Addison's disease is a rare disorder of the adrenal glands. With Addison's, the adrenal glands do not produce enough of the hormones cortisol and aldosterone.
Addison's occurs because of damage to the cortex.
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Factors that increase your chance of getting Addison's disease include:
Having the following autoimmune diseases:
Type I diabetes
hypothyroidismMyasthenia gravisStressAnticoagulant medicationsAbdominal injuryFamily members with autoimmune-caused Addison's disease
Long-term steroid medication treatment, followed by:
Severe stressInfectionSurgeryTraumaPrevious surgery on adrenal glandsHereditary disorders, such as Prader-Willi syndrome and congenital adrenal hyperplasia
Symptoms may include: Extreme weakness, fatigueWeight lossNausea or vomiting
or painDarkening of freckles, nipples, scars, skin creases, gums, mouth, nail beds, and vaginal lining
Emotional changes, especially
depressionCognitive impairment or confusionCraving salty foodsAbdominal painAnorexiaAmenorrhea
A severe complication of Addison's disease is the Addisonian or
. Adrenal crisis is a life threatening disorder, its symptoms include:
Severe abdominal, back, or leg painFaintingSevere low blood pressureSevere dehydrationSevere nausea, vomiting, and diarrheaLow blood sugarGeneralized muscle weakness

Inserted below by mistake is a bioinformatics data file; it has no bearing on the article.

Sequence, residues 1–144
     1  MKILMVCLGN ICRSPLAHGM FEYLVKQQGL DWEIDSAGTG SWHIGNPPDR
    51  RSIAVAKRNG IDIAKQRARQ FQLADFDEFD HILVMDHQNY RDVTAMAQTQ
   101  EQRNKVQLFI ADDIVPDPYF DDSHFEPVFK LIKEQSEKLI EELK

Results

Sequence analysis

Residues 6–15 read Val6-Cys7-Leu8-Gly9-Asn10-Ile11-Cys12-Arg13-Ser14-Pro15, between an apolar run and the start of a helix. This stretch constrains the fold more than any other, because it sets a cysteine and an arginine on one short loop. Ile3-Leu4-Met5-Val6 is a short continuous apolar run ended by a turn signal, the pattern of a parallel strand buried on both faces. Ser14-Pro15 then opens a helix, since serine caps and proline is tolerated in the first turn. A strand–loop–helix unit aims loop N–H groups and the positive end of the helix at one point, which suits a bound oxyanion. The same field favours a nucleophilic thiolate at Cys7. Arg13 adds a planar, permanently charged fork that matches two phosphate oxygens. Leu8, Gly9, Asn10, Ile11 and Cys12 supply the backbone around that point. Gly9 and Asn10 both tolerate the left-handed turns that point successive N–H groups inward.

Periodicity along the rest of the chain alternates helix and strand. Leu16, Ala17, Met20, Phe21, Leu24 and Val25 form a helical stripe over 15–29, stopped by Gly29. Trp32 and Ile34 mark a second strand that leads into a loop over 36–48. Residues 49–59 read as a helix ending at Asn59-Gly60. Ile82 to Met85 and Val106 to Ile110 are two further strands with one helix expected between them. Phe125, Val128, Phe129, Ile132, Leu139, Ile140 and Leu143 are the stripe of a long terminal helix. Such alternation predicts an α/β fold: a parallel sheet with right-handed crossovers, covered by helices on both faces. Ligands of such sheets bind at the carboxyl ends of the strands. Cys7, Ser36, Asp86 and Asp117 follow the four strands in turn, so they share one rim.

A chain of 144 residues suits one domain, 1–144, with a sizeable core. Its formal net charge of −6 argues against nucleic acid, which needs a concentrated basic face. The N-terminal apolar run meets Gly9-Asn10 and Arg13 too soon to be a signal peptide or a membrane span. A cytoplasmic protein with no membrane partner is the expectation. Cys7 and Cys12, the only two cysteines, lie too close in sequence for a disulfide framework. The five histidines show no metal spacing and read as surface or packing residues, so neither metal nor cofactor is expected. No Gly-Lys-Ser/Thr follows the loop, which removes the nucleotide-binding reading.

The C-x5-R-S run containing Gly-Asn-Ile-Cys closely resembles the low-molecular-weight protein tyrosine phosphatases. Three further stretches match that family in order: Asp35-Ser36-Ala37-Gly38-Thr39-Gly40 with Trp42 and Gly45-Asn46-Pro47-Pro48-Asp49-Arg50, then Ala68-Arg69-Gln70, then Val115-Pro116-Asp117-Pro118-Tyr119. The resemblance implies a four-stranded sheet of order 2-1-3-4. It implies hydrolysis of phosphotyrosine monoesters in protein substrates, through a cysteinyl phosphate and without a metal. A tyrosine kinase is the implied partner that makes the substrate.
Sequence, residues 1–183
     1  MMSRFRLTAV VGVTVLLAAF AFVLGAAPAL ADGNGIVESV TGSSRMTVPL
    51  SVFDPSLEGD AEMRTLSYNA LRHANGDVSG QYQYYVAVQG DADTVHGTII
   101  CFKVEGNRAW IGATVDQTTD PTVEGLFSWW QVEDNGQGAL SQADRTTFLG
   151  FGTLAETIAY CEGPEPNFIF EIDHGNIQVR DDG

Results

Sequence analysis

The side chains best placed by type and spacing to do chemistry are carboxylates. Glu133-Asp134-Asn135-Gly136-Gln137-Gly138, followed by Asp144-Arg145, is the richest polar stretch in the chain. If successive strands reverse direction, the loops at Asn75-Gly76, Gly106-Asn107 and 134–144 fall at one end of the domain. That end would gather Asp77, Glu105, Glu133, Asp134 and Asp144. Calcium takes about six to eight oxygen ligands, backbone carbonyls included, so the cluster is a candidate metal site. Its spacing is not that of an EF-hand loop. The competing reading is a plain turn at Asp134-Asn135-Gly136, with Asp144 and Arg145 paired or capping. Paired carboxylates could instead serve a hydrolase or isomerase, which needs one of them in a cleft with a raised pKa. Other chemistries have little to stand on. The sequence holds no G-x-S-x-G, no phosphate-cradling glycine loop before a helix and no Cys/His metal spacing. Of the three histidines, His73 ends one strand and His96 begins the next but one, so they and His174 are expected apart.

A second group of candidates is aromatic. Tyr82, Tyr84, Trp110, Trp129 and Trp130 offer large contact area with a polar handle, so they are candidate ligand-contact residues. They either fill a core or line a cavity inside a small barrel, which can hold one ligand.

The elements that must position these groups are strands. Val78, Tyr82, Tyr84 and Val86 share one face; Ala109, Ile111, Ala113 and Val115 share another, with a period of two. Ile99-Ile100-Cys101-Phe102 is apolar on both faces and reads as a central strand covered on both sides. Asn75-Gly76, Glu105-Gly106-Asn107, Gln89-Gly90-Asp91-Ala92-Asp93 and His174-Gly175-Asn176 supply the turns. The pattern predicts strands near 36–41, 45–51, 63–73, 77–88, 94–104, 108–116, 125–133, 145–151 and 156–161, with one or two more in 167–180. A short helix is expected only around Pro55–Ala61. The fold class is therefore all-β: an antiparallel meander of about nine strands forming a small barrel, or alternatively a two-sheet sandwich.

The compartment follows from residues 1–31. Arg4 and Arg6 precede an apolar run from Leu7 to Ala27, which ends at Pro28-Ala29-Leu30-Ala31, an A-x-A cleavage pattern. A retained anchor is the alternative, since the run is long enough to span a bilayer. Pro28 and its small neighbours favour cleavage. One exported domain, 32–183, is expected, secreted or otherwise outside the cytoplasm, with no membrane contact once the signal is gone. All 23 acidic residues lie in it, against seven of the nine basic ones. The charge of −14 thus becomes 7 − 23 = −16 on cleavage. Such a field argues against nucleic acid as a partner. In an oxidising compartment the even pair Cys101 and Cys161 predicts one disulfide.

The doctor will ask about your symptoms and medical history. A physical exam will be done.
Your bodily fluids may be tested. This can be done with: Blood testsUrine testsACTH stimulation test
Your doctor may also need images of your bodily structures.
This can be done with: MRI scanCT scan
Symptoms of Addison's disease can be controlled with medications. These drugs replace the missing hormones. Medication needs to be taken for the rest of your life. They may need to be increased during times of stress.
Immediate treatment of adrenal crisis includes: Self-injection of dexamethasoneHydrocortisone by IVNormal saline by IV
Surgery may also be needed for adrenal tumors or brain tumors causing the disease.
Regular blood tests are needed to monitor your response to medicine. Wear a medical alert bracelet that states adrenal insufficiency or Addison's disease. This will let others know of your condition if you are unable to communicate.
There are no guidelines for preventing Addison's disease. If you think you are at risk, talk to your doctor.
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Last reviewed June 2013 by Kim Carmichael, MD; Michael Woods, MD
Please be aware that this information is provided to supplement the care provided by your physician. It is neither intended nor implied to be a substitute for professional medical advice. CALL YOUR HEALTHCARE PROVIDER IMMEDIATELY IF YOU THINK YOU MAY HAVE A MEDICAL EMERGENCY. Always seek the advice of your physician or other qualified health provider prior to starting any new treatment or with any questions you may have regarding a medical condition.
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